The following pharmacology definition has been taken from the Pharmacology and Experimental Therapeutics Department Glossary at Boston University School of Medicine.

Infusion Kinetics:

Infusion, as a means of drug administration, involves an effectively continuous flow of a drug solution into the blood stream over a relatively long period of time. (Intravascular injections are separate administrations of drug solutions, each over a short period of time.) A major purpose of an infusion is to maintain a steady blood or plasma concentration of drug over a long period of time, i.e. to achieve and maintain Css.

The Css achieved during infusion of a drug is directly proportional to the rate of drug administration (D/T, or k0), and inversely proportional to both the rate of elimination (kel), and to the volume of body throughout which the drug is distributed: Css = (D/T)/kelVd. Since, kelVd equals total clearance: Css = (D/T)/ClT, or Css = k0/ClT. The concentration finally achieved varies directly with the infusion rate and indirectly with the total clearance of the drug (always assuming first-order elimination and a single compartment system).

For a drug given by infusion, and eliminated by first-order kinetics from a one-compartment system, the rate at which Css is achieved depends only on the half life of the drug. In the absence of other doses (such as a loading dose [q.v.]) the plasma concentration at any time after beginning the infusion (CT), expressed as a fraction of the Css to be achieved, is given by (1 – f):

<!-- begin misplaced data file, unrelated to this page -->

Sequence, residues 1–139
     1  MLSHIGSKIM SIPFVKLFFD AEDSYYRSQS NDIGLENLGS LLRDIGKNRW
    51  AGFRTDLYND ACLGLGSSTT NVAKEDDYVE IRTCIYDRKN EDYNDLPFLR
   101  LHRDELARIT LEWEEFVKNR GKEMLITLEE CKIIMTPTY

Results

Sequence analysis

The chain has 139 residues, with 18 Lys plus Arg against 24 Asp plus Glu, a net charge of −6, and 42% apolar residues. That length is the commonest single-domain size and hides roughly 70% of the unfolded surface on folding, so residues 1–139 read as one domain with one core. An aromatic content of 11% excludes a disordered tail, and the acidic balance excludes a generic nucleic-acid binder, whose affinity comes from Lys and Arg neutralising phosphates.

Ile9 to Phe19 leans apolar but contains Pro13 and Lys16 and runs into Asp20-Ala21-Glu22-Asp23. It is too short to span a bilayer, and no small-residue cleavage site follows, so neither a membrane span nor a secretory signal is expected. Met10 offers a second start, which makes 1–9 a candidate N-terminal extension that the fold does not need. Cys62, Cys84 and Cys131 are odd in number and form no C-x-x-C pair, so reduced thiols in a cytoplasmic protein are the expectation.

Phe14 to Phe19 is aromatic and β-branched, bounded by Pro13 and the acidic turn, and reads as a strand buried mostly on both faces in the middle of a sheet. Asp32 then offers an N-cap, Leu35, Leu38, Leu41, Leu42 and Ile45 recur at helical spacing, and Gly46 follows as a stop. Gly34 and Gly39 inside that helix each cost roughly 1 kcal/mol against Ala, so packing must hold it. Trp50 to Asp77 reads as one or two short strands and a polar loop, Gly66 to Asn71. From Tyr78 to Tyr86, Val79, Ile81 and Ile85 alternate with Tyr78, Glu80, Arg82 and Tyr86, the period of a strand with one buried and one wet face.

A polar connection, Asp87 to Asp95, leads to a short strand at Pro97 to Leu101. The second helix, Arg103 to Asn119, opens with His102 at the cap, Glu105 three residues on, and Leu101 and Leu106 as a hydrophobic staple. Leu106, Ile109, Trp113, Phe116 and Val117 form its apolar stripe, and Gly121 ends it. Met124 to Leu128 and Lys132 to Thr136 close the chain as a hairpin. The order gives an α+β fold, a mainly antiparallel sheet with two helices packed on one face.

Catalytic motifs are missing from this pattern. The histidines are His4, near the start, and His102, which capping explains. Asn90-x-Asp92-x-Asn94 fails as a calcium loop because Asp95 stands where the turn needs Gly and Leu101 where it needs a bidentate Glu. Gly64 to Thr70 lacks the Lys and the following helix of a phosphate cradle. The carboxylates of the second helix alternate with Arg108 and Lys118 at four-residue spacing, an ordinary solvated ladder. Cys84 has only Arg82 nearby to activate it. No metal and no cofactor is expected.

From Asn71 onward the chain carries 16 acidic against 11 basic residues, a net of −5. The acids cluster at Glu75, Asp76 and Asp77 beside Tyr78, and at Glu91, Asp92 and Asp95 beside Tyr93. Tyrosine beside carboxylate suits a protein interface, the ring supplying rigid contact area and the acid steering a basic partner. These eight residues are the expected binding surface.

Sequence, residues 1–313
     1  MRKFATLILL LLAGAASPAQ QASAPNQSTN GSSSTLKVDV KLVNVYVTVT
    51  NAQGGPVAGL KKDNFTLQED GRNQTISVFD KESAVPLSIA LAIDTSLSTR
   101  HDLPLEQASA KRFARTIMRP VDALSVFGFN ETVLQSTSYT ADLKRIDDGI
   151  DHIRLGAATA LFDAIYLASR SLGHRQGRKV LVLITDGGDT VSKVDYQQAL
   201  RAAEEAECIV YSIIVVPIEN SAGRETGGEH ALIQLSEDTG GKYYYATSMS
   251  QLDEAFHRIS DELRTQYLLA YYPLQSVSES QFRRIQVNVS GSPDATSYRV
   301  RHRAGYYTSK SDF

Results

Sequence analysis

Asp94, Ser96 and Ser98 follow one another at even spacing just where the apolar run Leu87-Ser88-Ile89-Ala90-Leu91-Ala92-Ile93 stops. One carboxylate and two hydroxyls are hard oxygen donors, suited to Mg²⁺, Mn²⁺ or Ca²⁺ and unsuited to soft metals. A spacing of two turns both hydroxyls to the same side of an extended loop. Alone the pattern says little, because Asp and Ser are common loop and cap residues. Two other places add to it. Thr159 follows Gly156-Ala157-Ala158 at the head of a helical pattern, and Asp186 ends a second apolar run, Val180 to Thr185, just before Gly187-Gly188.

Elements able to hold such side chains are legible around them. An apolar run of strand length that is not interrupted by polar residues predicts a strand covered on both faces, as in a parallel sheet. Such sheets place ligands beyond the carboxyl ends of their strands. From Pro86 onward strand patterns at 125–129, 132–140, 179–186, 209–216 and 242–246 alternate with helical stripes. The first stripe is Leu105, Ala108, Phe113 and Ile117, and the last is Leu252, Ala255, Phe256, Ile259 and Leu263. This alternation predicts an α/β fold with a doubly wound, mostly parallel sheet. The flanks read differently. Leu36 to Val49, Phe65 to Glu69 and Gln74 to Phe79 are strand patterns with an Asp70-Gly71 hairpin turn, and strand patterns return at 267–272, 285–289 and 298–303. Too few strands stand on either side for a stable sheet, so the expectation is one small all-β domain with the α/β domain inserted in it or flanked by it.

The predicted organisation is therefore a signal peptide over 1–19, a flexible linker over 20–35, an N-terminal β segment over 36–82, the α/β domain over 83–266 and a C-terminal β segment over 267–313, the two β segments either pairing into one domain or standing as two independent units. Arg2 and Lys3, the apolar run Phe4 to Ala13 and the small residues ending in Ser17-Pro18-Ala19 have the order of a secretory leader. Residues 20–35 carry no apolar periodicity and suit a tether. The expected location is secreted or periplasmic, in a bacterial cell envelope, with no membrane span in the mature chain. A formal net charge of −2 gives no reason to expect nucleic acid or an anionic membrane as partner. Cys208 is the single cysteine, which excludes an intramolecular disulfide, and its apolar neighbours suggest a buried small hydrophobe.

CT/Css = 1 – 0.5T/t½

After duration of infusion of one half-life, 50% of the final concentration will have been achieved; after a duration of infusion of 4 half-lives, about 95% of the final concentration will have been achieved.

The copyright of the quoted is hold by Trustees of Boston University. Permission has been granted for its use in this blog.

Recommended pharmacokinetics reading

  • Pocket Guide: Pharmacokinetics Made Easy (2009)
  • Basic Clinical Pharmacokinetics (2009)
  • Concepts in Clinical Pharmacokinetics (2010)
  • Clinical Pharmacokinetics, 4th Edition (2008)
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